An objective may not be necessary on your LinkedIn profile, but they are preferred on resumes, especially when applying to unadvertised positions.
A Director of Talent Acquisition for a Schedule A bank in Canada shared these perspectives:
- “Many companies have sourcing specialists with LinkedIn licenses that enable them to call you and start asking a range of questions about what you would be interested in job wise. That’s assuming you have deep expertise.”
- “However, if you are a recent graduate or fairly new in your career making a general application to a company, you need to help the recruiter understand your career focus area. Recruiters are much too busy in large companies to do that for you. A short objective statement is helpful.”
Here are two examples for an Objective for an unadvertised position:
- “A recent university graduate looking for a position to launch a career in financial analysis, whether in a Finance, Risk Management, Investment Banking or Analytics department.”
- “A junior Marketing professional eager to contribute to a growth oriented company or department that is marketing products, ideas, software or programs.”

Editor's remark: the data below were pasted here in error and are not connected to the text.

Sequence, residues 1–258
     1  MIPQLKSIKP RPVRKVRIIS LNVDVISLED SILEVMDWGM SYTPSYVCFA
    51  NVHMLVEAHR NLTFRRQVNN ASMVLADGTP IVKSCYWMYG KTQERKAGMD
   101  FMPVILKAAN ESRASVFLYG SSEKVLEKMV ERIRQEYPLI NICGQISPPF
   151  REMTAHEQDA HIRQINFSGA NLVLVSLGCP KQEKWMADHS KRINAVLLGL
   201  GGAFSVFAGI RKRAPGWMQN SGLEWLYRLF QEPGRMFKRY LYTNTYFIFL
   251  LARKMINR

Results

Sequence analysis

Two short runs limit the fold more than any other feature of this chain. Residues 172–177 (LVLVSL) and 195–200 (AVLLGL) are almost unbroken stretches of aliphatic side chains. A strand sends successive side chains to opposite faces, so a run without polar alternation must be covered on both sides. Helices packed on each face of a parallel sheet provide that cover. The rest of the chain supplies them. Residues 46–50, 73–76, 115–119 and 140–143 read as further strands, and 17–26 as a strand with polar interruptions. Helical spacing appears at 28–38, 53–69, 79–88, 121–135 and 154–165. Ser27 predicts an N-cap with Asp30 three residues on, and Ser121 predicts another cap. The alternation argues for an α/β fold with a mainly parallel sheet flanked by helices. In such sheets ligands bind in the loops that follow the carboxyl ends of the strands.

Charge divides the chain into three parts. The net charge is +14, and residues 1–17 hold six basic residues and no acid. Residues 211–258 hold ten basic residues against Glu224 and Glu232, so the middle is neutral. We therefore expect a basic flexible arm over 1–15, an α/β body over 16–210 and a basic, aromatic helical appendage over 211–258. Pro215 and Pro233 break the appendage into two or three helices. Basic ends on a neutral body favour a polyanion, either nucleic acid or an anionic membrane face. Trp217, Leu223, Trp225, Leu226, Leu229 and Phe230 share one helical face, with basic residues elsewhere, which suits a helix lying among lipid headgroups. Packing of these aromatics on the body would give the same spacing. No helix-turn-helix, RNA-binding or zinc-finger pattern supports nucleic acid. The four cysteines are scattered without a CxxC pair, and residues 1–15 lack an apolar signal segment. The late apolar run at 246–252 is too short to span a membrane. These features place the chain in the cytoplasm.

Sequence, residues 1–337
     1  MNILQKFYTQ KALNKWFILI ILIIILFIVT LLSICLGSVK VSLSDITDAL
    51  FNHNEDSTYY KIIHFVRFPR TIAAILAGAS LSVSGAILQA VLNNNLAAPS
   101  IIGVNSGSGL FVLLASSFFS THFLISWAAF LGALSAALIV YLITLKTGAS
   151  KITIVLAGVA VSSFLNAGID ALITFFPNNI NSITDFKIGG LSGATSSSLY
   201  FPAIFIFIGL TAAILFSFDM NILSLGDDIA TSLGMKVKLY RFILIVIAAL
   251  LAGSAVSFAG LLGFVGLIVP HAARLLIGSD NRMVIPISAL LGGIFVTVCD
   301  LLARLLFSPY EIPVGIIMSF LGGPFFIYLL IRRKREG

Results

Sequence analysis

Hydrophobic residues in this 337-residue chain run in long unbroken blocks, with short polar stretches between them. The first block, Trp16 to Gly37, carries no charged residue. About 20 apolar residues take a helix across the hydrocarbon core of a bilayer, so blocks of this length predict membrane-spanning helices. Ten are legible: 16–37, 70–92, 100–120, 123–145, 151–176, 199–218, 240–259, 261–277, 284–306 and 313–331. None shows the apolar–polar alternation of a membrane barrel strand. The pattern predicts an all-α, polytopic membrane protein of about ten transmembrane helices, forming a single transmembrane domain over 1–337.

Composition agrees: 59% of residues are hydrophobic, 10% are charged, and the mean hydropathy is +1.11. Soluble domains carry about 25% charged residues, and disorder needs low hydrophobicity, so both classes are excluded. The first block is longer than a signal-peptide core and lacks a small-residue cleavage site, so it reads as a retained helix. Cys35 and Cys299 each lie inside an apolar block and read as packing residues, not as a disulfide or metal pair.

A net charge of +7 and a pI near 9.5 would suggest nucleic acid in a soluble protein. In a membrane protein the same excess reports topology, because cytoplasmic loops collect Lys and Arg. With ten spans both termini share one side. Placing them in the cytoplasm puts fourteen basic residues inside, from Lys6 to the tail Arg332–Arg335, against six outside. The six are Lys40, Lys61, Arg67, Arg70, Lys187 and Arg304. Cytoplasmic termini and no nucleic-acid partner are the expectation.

- If you are applying to a specific posting in a large company that discourages the use of covering letters, it would be useful to include a short objective statement or the title of the advertised position, to communicate your career focus in a particular area of expertise, whether IT, Finance, Banking or HR. All of these professional careers have specialized areas within them. Just use the title of the advertised position.
- Not all organizations have Recruitment Management technology like big companies that post their job opportunities frequently. So having a clear, slightly tailored objective statement might be even more critical for these small or medium sized firms who are reading your resume.
- A candidate who applies directly to a job posting in a big company may not need a covering letter or an Objective statement. They will ask a job seeker to answer some initial online screening questions to help determine whether they should be shortlisted or not.